Following absorption, levonorgestrel is conjugated at the 17p-OH position to form sulfate and to a lesser extent, glucuronide conjugates in plasma. Significant amounts of conjugated and unconjugated 3a,5p-tetrahydrolevonorgestrel are also present in plasma, along with much smaller amounts of 3a,5a-tetrahydrolevonorgestrel and 16p-hydroxylevonorgestrel. Levonorgestrel and its phase I metabolites are excreted primarily as glucuronide conjugates. Metabolic clearance rates may differ among individuals by several-fold, and this may account in part for the wide variation observed in levonorgestrel concentrations among users.
First-pass metabolism of ethinyl estradiol involves formation of ethinyl estradiol-3-sulfate in the gut wall, followed by 2-hydroxylation of a portion of the remaining untransformed ethinyl estradiol by hepatic cytochrome P-450 3A4 (CYP3A4). Levels of CYP3A4 vary widely among individuals and can explain the variation in rates of ethinyl estradiol hydroxylation. Hydroxylation at the 4-, 6-, and 16- positions may also occur, although to a much lesser extent than 2-hydroxylation. The various hydroxylated metabolites are subject to further methylation and/or conjugation.
About 45% of levonorgestrel and its metabolites are excreted in the urine and about 32% are excreted in feces, mostly as glucuronide conjugates. The terminal elimination half-life for levonorgestrel after a single dose of Seasonique (levonorgestrel, ethinyl estradiol) was about 34 hours.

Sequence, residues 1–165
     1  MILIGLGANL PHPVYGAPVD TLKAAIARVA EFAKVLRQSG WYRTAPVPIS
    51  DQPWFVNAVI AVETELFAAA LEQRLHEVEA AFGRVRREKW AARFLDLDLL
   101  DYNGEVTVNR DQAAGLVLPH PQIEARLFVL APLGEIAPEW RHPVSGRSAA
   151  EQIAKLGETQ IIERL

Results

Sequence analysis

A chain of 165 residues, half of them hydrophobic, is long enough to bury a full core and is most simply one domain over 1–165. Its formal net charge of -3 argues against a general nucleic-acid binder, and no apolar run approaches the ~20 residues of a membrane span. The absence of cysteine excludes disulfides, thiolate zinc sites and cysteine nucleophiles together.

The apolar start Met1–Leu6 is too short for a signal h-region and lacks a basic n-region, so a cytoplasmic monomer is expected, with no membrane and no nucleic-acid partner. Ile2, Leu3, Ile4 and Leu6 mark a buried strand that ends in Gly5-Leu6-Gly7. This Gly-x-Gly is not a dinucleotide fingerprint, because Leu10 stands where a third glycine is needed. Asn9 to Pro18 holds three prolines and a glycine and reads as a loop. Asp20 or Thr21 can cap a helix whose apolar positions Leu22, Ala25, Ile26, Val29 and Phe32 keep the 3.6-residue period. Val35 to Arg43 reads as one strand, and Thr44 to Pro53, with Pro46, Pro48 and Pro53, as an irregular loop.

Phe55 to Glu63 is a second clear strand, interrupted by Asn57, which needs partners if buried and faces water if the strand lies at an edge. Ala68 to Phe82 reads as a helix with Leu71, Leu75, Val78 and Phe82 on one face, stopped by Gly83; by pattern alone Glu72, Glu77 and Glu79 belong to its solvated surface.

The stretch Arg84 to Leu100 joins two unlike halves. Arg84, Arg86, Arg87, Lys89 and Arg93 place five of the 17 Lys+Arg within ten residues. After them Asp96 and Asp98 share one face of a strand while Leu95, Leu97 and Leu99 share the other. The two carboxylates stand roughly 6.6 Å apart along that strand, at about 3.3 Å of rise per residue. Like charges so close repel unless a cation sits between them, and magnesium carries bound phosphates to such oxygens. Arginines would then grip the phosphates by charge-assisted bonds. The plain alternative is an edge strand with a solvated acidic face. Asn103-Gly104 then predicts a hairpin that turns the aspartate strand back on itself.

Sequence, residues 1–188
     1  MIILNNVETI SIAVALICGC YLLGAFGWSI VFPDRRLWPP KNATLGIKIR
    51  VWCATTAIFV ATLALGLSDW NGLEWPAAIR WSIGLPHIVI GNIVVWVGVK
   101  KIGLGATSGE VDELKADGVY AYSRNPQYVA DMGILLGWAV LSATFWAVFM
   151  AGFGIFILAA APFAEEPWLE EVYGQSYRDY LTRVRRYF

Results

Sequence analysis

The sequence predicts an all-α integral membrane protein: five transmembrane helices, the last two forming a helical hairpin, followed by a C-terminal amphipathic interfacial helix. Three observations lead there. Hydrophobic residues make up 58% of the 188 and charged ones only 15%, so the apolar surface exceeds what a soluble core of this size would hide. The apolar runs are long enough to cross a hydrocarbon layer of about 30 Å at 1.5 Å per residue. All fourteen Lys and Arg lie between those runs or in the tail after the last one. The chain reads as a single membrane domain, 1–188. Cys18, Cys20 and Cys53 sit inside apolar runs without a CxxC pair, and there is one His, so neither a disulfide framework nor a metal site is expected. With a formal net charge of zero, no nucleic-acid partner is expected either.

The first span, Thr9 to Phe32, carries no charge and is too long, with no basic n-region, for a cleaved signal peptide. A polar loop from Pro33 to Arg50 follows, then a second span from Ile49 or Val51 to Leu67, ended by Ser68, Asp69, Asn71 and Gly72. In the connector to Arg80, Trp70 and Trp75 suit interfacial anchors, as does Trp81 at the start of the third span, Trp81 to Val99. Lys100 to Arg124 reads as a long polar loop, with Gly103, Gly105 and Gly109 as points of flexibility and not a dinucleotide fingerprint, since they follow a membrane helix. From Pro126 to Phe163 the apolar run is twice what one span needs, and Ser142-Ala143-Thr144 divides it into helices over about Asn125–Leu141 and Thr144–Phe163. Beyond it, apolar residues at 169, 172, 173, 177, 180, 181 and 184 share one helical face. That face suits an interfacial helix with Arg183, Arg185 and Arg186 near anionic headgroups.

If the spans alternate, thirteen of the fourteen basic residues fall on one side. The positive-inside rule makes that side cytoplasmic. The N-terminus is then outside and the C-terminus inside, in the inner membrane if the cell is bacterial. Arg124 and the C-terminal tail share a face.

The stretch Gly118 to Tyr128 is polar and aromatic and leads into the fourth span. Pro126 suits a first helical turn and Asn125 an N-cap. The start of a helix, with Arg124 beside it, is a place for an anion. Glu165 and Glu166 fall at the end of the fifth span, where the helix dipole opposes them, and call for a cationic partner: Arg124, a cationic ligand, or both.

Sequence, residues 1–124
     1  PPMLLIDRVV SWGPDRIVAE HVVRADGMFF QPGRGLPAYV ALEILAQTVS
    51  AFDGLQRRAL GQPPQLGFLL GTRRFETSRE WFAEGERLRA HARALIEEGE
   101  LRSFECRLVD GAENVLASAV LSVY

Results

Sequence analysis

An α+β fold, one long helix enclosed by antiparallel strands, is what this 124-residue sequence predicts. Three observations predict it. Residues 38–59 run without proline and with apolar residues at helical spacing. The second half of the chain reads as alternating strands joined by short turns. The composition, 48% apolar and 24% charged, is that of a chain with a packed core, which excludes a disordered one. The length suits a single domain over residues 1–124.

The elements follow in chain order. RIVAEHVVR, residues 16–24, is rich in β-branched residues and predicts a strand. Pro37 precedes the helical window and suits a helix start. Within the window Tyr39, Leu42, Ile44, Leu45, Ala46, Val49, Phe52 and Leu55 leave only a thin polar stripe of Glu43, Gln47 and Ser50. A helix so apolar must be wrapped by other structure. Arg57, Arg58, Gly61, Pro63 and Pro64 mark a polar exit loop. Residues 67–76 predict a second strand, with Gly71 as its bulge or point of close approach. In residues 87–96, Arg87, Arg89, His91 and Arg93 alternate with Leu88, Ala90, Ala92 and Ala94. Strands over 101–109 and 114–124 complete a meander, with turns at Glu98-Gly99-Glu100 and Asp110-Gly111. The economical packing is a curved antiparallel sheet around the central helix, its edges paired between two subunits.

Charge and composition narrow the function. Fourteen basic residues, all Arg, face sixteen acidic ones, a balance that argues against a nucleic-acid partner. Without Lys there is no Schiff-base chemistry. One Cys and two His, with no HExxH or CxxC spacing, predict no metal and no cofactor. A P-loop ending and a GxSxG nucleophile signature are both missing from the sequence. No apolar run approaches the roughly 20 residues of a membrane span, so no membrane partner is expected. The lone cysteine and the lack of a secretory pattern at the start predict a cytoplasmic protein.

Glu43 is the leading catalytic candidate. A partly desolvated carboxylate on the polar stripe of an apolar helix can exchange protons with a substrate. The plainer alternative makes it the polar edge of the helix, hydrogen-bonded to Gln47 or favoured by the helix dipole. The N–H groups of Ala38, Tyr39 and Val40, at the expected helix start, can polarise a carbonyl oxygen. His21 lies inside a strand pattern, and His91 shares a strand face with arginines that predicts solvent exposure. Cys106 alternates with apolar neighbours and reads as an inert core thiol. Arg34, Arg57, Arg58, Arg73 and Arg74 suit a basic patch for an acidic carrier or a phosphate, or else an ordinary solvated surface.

Ethinyl estradiol is excreted in the urine and feces as glucuronide and sulfate conjugates, and it undergoes enterohepatic recirculation. The terminal elimination half-life of ethinyl estradiol after a single dose of Seasonique (levonorgestrel, ethinyl estradiol) was found to be about 18 hours.
The effect of race on the pharmacokinetics of Seasonique (levonorgestrel, ethinyl estradiol) has not been evaluated.
In a 12-month, multicenter, randomized, open-label clinical trial, 1,006 women aged 18-40 were studied to assess the safety and efficacy of Seasonique (levonorgestrel, ethinyl estradiol) , completing the equivalent of 8,681 28-day cycles of exposure. The racial demographic of those enrolled was: Caucasian (80%), African-American (11%), Hispanic (5%), Asian (2%), and Other (2%). There were no exclusions for body mass index (BMI) or weight. The weight range of those women treated was 91 to 360 lbs., with a mean weight of 156 lbs. Among the women in the trial, 63% were current or recent hormonal contraceptive users, 26% were prior users (who had used hormonal contraceptives in the past but not in the 6 months prior to enrollment), and 11% were new starts. Of treated women, 14.8% were lost to follow-up, 16.3% discontinued due to an adverse event, and 12.9% discontinued by withdrawing their consent.